The Standard Malaysian Name as well as the ASEAN Standard Name for the timber of the family Magnoliaceae. Vernacular names applied include chempaka with various epithets in almost all parts of the country, e.g. chempaka bulu (Sabah), chempaka hutan (Peninsular Malaysia), kepayang ambok (Sabah), ketapang ambok (Sabah) and very often medang (Peninsular Malaysia) with various epithets in error, e.g. medang limo (Peninsular Malaysia). Major species include Magnolia bintuluensis, M. candolli var. obovata, M. champaca, M. elegans, M. montana, M. scortechinii and M. tsiampacca subsp. mollis. The sapwood is white to light yellow and is moderately distinct from the heartwood, which is light brown with a green tinge.
Also known as Oulia champa and Sefan (India); Champ, Kempaka and Utap-utap (Indonesia); Champa (Laos); Sagawa (Myanmar); Champaka and Sandit (Philippines); Bapu and Sapu (Sri Lanka); Champa (Thailand); and Gioi and Su (Vietnam).
The timber is moderately soft and light to moderately heavy with a density of 300-705 kg/m3 air dry.
The timber is moderately durable.
Texture is moderately fine and even, with straight grain.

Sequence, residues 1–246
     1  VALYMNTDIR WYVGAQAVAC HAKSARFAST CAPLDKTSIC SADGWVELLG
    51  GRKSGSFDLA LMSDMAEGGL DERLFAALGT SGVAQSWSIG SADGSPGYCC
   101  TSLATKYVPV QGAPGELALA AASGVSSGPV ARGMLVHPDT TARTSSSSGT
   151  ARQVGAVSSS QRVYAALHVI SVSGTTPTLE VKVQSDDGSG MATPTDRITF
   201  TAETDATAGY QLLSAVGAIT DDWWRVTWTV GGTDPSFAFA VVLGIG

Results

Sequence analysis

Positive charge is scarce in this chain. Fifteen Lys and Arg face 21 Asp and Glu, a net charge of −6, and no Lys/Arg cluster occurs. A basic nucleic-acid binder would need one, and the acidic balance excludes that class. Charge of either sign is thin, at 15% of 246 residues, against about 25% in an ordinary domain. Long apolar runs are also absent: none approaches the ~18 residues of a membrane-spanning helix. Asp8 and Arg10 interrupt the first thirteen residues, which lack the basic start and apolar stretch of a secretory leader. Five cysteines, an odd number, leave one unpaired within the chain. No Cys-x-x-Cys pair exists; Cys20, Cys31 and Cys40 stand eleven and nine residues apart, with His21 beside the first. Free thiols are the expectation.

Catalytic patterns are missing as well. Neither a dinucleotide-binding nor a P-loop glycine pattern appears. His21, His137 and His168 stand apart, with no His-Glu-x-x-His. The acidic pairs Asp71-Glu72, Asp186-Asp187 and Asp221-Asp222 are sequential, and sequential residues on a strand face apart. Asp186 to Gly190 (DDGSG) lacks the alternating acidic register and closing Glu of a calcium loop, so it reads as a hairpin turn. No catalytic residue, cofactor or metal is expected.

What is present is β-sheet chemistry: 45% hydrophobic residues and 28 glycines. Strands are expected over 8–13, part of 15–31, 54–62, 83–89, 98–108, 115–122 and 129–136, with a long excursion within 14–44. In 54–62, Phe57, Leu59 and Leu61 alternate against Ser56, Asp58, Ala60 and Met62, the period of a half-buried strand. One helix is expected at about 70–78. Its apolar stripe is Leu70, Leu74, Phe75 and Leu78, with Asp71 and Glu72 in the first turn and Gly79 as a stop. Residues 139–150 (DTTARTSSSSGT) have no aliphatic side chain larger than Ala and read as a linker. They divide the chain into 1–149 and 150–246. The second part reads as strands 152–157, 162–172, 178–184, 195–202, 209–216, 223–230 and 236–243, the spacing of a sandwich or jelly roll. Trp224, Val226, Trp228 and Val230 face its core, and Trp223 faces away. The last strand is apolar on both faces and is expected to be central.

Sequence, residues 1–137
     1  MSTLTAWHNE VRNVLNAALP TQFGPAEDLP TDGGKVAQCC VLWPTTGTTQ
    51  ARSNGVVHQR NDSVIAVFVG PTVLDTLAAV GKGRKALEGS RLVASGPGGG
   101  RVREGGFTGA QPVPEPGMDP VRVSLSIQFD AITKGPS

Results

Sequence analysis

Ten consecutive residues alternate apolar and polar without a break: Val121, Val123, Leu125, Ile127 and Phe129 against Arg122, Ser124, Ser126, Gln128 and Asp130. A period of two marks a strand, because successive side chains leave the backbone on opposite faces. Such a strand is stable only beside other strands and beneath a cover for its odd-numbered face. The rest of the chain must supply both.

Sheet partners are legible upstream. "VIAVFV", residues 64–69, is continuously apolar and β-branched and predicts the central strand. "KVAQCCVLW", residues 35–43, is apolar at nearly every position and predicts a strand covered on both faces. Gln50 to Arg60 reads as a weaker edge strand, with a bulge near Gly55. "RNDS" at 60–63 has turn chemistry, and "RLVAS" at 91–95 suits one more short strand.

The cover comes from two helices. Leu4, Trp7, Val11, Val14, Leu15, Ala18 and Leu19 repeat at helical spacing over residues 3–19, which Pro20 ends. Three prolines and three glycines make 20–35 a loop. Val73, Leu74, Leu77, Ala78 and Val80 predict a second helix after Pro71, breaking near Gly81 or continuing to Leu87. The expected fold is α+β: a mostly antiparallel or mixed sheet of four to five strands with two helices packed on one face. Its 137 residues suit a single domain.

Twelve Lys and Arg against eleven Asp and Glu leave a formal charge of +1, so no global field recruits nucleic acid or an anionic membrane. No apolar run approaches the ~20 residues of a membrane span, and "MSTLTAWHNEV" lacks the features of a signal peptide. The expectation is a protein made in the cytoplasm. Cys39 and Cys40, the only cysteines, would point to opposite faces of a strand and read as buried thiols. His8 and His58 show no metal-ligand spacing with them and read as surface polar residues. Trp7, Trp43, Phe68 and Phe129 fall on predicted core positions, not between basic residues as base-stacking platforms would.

The timber is reported to work easily and produces a smooth finish.
It seasons fairly slowly, without any serious defects except for some insect attacks. 13 mm thick boards take approximately 2 months to air dry, while 38 mm thick boards take 4 months.
Shrinkage is fairly low, with radial shrinkage averaging 1.2% and tangential shrinkage averaging 1.4%.
MOVEMENT IN SERVICE
The movement of seasoned timber is classified under Type III.
The timber is suitable for light construction, interior finishing, joinery, cabinet making, panelling and partitioning, furniture, flooring, pallets (expendable type) and staircase (angle blocks, balusters, balustrades, riser, tread, bullnose, round ends and winder, rough brackets and apron lining).
Menon, P.K.B. 1986. Uses of Some Malaysian Timbers. Revised by Lim, S.C. Timber Trade Leaflet No. 31. The Malaysian Timber Industry Board and Forest Research Institute Malaysia, Kuala Lumpur. 48 pp.
Wong, T.M. 1982. A Dictionary of Malaysian Timbers. Revised by Lim, S.C. & Chung R.C.K. Malayan Forest Records No. 30. Forest Research Institute Malaysia, Kuala Lumpur. 201 pp.